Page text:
The BBC recently had an optimistic profile of Brazil’s position on the world stage. The article argues that Brazil has been largely successful at putting its own house in order, and is increasingly seen as a strong force in the international arena as well.
Democracy and democratic institutions have been strengthened. At the same time, Brazil has enjoyed high levels of economic growth, the result of continuity in economic policy that saw inflation remain low and stable, the fiscal situation under control and a floating exchange rate.
Poverty has been significantly reduced, and 31 million Brazilians lifted into the middle class, which in turn has brought about a rapid expansion of the domestic consumer market.
Commercial liberalisation and the globalisation of Brazilian companies are indicative of how Brazil’s economy has modernised. Diversification in the industrial and service sectors has gone hand in hand with the growth of the agricultural sector, highly competitive and with a strong presence in international markets. Brazil today sees itself as a global trader.
Brazil’s nascent position of power in global politics is due in large part to its credibility on issues that affect the developing world, and its status as a leader with the BRIC countries.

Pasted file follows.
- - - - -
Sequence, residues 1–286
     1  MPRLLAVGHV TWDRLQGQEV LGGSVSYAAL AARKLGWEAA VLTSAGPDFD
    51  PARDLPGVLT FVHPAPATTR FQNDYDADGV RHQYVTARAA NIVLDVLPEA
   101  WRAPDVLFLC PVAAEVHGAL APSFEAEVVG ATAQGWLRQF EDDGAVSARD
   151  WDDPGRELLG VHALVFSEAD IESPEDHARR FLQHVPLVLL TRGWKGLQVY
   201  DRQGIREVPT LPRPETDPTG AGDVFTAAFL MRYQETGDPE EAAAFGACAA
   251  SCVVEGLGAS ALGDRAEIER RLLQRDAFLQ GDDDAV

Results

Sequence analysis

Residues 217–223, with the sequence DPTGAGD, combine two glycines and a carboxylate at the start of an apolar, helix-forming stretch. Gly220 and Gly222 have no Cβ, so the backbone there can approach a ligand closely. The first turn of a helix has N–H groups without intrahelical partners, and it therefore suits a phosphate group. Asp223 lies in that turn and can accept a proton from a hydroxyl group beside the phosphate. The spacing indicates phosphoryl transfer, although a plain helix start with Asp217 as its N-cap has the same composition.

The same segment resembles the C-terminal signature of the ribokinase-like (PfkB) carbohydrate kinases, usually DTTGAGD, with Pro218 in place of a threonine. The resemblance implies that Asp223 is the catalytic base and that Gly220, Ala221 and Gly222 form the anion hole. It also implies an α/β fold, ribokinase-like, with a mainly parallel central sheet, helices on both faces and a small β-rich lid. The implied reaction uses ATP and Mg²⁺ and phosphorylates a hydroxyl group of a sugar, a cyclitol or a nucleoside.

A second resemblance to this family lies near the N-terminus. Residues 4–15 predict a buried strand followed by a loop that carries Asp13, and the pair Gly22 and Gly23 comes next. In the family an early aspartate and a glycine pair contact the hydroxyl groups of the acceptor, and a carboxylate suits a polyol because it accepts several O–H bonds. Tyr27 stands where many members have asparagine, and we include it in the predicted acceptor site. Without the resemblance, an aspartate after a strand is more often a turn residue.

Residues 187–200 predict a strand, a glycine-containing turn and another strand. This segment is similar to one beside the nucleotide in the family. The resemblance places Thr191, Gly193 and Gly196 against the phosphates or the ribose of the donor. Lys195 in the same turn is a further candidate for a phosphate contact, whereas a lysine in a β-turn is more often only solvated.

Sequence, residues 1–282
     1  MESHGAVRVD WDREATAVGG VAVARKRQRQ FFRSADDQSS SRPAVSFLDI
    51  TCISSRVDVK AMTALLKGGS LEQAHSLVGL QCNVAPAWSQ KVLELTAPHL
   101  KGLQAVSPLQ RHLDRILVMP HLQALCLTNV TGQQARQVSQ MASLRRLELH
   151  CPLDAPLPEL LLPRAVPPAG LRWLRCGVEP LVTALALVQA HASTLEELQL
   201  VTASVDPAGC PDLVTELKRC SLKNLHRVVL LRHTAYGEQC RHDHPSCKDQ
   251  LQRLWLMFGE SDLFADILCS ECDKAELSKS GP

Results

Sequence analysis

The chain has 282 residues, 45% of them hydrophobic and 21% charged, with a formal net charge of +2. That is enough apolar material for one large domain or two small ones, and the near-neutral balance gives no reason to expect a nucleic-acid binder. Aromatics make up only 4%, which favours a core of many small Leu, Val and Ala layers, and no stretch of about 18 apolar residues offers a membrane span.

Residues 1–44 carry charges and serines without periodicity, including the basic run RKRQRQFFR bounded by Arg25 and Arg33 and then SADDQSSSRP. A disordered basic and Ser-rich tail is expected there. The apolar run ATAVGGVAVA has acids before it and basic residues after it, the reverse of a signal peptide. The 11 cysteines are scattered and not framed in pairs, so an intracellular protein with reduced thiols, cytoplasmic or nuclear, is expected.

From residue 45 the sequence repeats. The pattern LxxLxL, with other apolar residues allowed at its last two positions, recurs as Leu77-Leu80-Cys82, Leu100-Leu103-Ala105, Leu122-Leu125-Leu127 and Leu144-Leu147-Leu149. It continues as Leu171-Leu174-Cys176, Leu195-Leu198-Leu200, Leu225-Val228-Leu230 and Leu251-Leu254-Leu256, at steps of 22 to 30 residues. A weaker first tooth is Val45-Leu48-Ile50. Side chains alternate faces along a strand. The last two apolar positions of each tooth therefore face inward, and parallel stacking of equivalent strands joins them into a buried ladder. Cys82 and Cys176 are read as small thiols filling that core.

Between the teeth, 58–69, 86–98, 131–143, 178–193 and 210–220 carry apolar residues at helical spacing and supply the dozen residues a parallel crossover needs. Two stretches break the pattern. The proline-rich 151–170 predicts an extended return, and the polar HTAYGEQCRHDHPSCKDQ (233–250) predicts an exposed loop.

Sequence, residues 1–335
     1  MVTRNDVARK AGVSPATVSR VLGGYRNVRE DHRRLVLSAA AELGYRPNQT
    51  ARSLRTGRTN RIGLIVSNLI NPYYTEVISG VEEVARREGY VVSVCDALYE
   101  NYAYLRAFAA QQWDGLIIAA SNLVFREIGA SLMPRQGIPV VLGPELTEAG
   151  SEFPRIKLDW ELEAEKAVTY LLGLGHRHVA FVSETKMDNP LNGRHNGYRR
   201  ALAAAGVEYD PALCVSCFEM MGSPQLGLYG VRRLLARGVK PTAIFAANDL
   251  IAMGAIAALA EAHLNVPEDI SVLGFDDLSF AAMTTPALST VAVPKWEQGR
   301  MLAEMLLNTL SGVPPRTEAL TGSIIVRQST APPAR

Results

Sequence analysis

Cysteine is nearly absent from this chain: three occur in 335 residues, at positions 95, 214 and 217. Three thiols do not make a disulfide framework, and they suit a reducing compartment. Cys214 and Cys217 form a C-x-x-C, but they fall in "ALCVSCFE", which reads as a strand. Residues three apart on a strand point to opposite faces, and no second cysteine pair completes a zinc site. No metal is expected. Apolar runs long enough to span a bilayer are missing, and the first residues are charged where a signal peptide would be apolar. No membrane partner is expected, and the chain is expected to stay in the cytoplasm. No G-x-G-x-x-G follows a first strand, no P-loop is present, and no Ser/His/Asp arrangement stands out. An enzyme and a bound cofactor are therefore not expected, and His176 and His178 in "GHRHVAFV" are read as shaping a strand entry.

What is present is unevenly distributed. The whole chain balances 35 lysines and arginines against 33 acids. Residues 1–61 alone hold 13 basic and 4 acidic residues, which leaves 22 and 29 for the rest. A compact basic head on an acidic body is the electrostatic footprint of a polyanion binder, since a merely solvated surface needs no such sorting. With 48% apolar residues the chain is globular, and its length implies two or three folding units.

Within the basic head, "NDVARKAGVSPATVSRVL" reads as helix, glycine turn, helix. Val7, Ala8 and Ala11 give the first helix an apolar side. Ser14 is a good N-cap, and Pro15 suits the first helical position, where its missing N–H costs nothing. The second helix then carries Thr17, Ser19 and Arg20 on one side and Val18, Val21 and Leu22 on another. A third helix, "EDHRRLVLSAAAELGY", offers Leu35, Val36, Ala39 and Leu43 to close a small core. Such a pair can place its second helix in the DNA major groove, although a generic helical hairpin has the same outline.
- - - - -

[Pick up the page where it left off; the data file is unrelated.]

Brazil’s voice cannot be ignored on issues of importance to the developed world, such as foreign trade, climate change, energy (biofuels and oil), food, water and human rights.
Then there is the emergence of the BRIC countries, as Brazil, Russia India and China are known, a grouping that has become one of the new players on the international scene in recent years.
Brazil’s traditional diplomatic involvement in multinational organisations has reinforced the image of the country as a builder of consensus, an “honest broker”.
International attention has also focused on Brazil’s ethnic and religious harmony and the role it plays as mediator in more troubled parts of South America.
The article ends on this positive note:
For these reasons, Brazil today, confident and assertive, is seeking to carve a role for itself outside South America as a regional power able to act well beyond its immediate borders…
What is clear is that Brazil’s voice is set to be heard ever louder on the world stage.